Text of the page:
40.0517 Reopening judgement.

Cite as [A.S.C.A. § 40.0517]

Any person whose property may have escheated to the Territory as provided herein, or any rightful heir, spouse or next of kin entitled to such property by descent or succession may within 2 years after the filing of the final judgment in the High Court, apply to that Court to reopen the judgment upon proof that the applicant was without actual knowledge of such escheat action, and upon proof of ownership of such property or the right to possession thereof, the Court may in its discretion reopen the judgment. In the event that the aforesaid judgment in part or in whole be revised or amended, the Court may direct the Treasurer to repay such part of the money received by the Treasurer by reason of such judgment, to the party who is entitled to it. Upon the entry of the amended judgment, the Treasurer must repay the said money as provided in such judgment; provided, however, that there shall first be deducted all expenses and charges that may have accrued or been paid out by reason of the entry of the original judgment.

(c) Whenever it appears to the satisfaction of the Attorney General that a person is the lawful owner of any money that has heretofore been received by the Treasurer under the provisions of this chapter, and that such money is less than $1,000, the Attorney General is authorized to request payment by the Treasurer to repay to the lawful owner the money so received less appropriate deductions, without the necessity of reopening the original judgment entered.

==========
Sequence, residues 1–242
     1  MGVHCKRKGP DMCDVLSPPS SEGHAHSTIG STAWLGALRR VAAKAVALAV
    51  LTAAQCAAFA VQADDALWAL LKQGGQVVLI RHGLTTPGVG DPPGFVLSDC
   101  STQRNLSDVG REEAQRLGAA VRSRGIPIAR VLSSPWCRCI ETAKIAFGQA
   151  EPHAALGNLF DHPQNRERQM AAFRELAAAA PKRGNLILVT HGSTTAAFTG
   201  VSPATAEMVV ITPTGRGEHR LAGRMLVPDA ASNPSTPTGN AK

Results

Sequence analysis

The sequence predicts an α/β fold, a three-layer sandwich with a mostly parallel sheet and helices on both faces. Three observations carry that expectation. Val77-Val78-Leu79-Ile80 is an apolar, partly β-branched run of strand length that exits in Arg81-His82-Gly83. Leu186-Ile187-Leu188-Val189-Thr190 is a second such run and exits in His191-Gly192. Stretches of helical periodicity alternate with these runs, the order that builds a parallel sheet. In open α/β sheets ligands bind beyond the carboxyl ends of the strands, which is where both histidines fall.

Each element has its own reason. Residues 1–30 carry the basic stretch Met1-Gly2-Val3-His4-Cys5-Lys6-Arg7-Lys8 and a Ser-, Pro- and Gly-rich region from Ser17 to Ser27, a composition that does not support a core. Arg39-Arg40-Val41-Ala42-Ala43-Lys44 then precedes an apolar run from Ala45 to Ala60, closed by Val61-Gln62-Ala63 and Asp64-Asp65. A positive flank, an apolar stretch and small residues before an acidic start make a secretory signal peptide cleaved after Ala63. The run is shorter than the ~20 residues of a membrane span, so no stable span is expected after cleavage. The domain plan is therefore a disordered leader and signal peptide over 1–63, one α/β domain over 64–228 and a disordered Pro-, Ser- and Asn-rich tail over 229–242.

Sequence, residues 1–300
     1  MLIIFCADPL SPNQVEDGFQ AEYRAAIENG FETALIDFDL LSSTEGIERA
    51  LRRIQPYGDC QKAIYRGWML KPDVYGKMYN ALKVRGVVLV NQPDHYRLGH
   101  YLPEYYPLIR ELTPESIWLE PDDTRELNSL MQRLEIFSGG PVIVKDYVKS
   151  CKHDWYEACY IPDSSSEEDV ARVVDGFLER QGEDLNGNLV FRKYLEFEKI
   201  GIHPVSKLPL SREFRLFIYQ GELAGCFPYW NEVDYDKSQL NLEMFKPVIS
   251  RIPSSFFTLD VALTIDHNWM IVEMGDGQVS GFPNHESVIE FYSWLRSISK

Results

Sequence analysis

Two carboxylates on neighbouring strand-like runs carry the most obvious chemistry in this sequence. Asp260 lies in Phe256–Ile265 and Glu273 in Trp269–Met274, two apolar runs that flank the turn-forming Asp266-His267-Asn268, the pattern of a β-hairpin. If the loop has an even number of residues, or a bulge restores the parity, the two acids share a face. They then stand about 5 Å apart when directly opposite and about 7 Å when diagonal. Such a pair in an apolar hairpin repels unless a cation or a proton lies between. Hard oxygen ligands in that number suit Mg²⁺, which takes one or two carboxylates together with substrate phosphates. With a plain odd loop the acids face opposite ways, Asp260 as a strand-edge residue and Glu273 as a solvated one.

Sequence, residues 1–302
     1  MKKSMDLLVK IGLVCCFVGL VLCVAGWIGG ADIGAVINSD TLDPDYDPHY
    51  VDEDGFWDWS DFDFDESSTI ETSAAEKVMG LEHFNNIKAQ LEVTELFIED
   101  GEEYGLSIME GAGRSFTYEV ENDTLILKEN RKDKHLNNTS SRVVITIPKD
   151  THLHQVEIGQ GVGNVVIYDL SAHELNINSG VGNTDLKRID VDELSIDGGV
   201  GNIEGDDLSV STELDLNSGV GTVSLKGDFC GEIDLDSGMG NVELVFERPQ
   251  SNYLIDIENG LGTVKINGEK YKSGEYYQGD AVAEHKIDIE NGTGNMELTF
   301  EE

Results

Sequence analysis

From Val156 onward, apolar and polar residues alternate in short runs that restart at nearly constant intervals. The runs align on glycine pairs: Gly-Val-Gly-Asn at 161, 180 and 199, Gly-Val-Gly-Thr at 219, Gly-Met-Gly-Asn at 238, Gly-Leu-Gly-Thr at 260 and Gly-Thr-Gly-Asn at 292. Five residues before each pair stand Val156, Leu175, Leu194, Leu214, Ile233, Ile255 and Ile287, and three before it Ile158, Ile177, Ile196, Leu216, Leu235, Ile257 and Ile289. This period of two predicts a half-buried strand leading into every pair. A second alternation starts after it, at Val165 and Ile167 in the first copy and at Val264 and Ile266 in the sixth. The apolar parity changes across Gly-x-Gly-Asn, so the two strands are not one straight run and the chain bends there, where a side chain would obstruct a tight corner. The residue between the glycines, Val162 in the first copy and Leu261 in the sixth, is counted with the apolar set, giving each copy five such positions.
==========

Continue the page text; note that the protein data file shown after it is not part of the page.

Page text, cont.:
History: 1988, PL 20-64.





01 Citizenship (Reserved)

02 General Provisions

03 Immigration-Registration

04 Immigration-Status

05 Entry and departure

06 Deportation

07 General Penalty Provision

08 Foreign investor entry permits.

09 Guest Worker Permit

Case Notes:

American Samoa, unlike the Fifty States and the other Territories of the United States, is specifically excluded from the scope of federal immigration laws and has, pursuant to congressionally-delegated authority, enacted its own immigration laws. 8 U.S.C. § 1101(13), (29), (36), (38); A.S.C.A., Title 41. American Samoa Government v. Falefatu, 17 A.S.R.2d 114 (1990).

Reviser’s Comments:

Section 1 of PL 18-52, 1984, provides that “this act shall be known and may be cited as The Immigration Act of 1984.”

Amendments: 1984.